Our inaugural meeting was on the 8th November 2010 and we officially formed in February 2011.
AAS holds monthly meetings with guest speakers.

All guests are welcome!
No knowledge necessary, just a curious mind.

We are able to provide assistance with setting up your telescope or just helping to find your way around the night sky.

AAS is able to host discussions on subjects as varied as Dark Energy through to 'How dark is your sky'.

Come along and get a new perspective on the universe in which you live!



Visits today: _
Top Post: We had the best weather for a solar eclipse!
Your IP:

Reminder: Next Meeting Monday 22nd October

For our next meeting  Amber Hornsby, of Cardiff University, will be giving a talk entitled 

Amber Hornsby-Cardiff University“Detecting the Invisible Universe”

Currently, she is a third-year postgraduate researcher based in the Astronomy Instrumentation Group at Cardiff who also writes articles for Astronomy publications, including the on-line astrobites.org journal.

Usual time and place, 7:30pm, The Kings Head, next to Abergavenny Town Hall.

All welcome

October Meetings

8th October  :  a quick reminder for the next meeting tomorrow

22nd October  :  Amber Hornsby, Cardiff University, will be giving a talk entitled “Detecting the Invisible Universe”.  She is a third year PhD student who also writes articles for Astronomy publications, including the on-line astrobites.org journal.

Usual time and place, 7:30pm, The Kings Head, next to Abergavenny Town Hall.

All welcome

Monday 8th Oct, Next Meeting

The next meeting will be on Monday, 8th Oct.  Usual time and place:- 7:30pm at the Kings Head, next to Abergavenny town hall.

This month rather than mainly talk about a single item there are a number of topics that have caught my eye over the last few weeks that we can explore.  I have put a brief list below.  Depending on how the discussions and exchange of views/ideas goes we may or may not cover all the topics.

  • Is there no one out there??  Exo-planets and panspermia in the news, again. 
    At present there are 3,851 confirmed planets in 2,871 systems.  Now a possible exo-moon has been discovered.  Plus a new approach to boost the chance of finding extraterrestrials (if any!) and also researchers have generated phosphates, a key part of DNA, in conditions like the molecular clouds that form solar systems.
  • Gaia – A 5 year mission to construct the largest, most precise three-dimensional map of our Galaxy by surveying more than a billion stars.
    The 2nd data release, last April, provides info on the position, parallax and proper motion of 1.3 billion stars. New insights have started to come from this data.
  • Have we found the last of the missing ordinary matter in the universe?
    Previous observations have failed to find half of the normal matter in the universe. Now this matter has been found, in diffuse gaseous filaments between the galaxies. As this gas is cold and diffuse it has been impossible to see it but new techniques have confirmed its existence.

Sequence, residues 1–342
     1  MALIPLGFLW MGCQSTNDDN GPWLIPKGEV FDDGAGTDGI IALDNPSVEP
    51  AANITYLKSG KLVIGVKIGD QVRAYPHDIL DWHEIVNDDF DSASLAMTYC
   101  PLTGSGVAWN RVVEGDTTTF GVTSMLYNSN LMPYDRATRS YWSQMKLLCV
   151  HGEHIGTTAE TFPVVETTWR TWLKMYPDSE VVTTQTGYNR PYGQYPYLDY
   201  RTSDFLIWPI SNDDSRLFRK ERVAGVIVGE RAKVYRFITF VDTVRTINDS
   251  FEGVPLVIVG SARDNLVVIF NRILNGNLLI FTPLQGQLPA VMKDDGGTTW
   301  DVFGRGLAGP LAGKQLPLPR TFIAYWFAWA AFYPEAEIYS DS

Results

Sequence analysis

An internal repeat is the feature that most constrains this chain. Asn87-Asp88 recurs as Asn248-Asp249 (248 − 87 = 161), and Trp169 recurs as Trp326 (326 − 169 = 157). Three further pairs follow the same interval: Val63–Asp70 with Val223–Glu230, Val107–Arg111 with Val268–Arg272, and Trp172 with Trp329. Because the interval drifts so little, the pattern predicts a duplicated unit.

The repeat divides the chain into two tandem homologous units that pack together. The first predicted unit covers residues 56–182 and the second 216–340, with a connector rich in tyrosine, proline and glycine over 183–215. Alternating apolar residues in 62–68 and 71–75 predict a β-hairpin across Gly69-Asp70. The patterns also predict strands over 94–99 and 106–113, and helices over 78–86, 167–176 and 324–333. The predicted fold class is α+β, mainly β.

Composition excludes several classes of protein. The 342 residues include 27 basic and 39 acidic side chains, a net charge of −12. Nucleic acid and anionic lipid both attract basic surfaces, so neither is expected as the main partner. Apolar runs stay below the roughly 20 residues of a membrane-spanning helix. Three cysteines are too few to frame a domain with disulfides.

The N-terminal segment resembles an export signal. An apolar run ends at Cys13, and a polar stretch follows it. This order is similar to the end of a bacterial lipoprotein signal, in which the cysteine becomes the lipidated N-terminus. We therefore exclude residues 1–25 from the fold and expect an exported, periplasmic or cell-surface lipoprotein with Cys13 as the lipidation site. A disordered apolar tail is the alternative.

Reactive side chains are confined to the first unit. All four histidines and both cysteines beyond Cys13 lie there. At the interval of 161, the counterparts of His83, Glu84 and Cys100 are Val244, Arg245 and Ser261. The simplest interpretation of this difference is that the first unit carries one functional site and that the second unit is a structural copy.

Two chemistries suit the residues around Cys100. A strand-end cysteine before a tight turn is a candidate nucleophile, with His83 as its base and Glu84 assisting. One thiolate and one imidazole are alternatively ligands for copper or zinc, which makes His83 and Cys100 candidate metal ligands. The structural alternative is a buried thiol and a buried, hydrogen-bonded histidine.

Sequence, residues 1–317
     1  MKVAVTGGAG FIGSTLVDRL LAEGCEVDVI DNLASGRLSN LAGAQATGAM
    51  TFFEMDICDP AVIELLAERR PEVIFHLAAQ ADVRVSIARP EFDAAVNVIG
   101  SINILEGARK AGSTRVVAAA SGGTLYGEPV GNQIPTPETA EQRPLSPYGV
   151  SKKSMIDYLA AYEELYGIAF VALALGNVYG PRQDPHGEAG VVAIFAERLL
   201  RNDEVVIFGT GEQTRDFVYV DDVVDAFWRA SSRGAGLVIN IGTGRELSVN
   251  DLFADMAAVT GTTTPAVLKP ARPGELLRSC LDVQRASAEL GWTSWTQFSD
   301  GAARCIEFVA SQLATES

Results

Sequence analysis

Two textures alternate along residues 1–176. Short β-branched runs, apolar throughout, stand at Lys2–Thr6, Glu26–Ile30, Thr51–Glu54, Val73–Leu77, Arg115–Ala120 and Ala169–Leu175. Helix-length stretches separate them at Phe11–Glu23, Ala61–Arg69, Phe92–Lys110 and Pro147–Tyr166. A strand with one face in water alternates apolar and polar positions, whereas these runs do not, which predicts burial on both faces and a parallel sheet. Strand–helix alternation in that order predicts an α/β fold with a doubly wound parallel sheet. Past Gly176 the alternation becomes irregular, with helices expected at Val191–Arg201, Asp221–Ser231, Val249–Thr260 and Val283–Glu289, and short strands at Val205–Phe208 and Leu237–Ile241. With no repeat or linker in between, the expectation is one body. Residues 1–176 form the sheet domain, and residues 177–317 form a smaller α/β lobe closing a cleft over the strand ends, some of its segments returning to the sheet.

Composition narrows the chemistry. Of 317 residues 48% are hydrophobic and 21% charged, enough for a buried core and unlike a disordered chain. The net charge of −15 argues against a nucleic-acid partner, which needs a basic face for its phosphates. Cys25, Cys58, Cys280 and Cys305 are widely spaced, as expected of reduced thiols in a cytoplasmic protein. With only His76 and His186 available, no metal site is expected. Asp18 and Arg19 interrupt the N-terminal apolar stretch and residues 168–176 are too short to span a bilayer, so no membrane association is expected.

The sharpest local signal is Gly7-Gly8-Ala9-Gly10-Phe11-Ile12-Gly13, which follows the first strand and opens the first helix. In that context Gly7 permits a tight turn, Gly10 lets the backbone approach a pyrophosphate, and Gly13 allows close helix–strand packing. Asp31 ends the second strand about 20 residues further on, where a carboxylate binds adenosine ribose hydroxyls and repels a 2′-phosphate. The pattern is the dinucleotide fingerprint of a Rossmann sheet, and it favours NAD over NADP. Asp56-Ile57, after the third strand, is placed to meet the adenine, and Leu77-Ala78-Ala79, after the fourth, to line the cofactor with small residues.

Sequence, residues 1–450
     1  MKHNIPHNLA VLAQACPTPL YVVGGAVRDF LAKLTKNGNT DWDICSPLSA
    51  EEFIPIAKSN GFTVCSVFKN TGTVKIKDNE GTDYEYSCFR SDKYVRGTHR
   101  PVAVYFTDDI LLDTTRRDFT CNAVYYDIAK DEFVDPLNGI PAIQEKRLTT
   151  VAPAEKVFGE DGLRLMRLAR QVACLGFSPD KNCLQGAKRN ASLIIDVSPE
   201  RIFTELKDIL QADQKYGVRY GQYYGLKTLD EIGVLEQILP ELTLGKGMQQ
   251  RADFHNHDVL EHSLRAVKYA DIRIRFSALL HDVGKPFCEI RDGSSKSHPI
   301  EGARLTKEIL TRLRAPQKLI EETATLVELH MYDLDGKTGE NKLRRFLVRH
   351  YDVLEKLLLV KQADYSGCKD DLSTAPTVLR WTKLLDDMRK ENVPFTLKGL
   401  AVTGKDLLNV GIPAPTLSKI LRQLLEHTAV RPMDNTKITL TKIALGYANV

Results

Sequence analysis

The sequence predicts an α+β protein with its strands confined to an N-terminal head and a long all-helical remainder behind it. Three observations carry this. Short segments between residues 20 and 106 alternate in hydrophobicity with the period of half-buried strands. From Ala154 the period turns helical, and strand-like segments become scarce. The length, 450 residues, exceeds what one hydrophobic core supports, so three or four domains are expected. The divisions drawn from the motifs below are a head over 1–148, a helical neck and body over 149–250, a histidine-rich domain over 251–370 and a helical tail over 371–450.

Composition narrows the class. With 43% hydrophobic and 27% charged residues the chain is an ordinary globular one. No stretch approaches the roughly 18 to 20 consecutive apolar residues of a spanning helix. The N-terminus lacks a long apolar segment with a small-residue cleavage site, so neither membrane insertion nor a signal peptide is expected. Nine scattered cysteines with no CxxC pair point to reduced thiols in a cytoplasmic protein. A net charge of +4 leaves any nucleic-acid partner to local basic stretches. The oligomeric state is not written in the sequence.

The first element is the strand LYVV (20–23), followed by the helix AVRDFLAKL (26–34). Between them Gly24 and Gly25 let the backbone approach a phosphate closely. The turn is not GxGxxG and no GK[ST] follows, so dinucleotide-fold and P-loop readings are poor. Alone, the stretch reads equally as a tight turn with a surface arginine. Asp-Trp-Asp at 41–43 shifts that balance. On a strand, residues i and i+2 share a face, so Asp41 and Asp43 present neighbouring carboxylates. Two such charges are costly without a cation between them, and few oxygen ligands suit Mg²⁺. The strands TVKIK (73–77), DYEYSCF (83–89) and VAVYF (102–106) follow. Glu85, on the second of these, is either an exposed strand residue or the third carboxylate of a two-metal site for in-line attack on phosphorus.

• Inflation: Yes or No? How did the universe start.
    A short video about inflation (only 2 mins) from David Kaplan. Plus Roger Penrose’s theory that the universe is cyclical.
  • Very Big and Very Early.
    Another massive black hole discovered that is 780 million times the mass of the sun and dates from 670 M years after the big bang.  How did it get so big so soon?
  • Solar System.
    Still arguing about Pluto’ status; a new body some 80AU from the sun (Pluto is 34AU) which hints at Planet X further out; more evidence for a turbulent period involving the gas giants during the evolution of the solar system; how Curiosity’s motor confirmed the Mars dust storm had gone global.
  • Dark Matter.
    A new analysis has ruled out primordial black holes, formed at the birth of the universe, as being the mysterious dark matter. Plus a new wide field map of the 3 dimensional distribution of matter in the universe, based on looking at 10 million galaxies, “gives us a better picture of how much dark energy there is”.

If there are any topics or ideas that anyone wishes to talk about do bring them along or let me know by email or at a meeting.  All input is most welcome.

All comers welcome.  No expertise required, only a inquisitive mind.  See you on Monday.

Monday 24th September – Next Meeting

For our next meeting we welcome back Andy Burns, Chairman of the Wiltshire AS and co-director of the Griffin Educational Observatory, Andalucia.
The title of his talk is

Welcome to the Dark Side: 
Dark nebulae, discovery and views

It should be of interest to everyone, with plenty of pictures I am sure.

Andy may or may not mention this particular nebula but above is the famous Horse Head Nebula in the constellation of Orion.  The picture was taken by The European Southern Observatory’s Very Large Telescope in Chile.

Usual time and venue: 7:30pm upstairs in The Kings Head, Abergavenny, next to the town hall.

Monday 10th September – Next meeting

“The trouble with telescopes”

Amateur telescopes come in all sorts of shapes and sizes, have you ever wondered why there are so many different types and what they all do?  In this session we will look into the intrinsic shortcomings of many designs and what has been done to overcome them.  If you are considering buying a telescope of upgrading this will be a useful guide to help you decide.  If you have a telescope and want to get the best out of it this session will give you some top tips.  If you don’t use a telescope but are just interested in how things work, this is the meeting for you!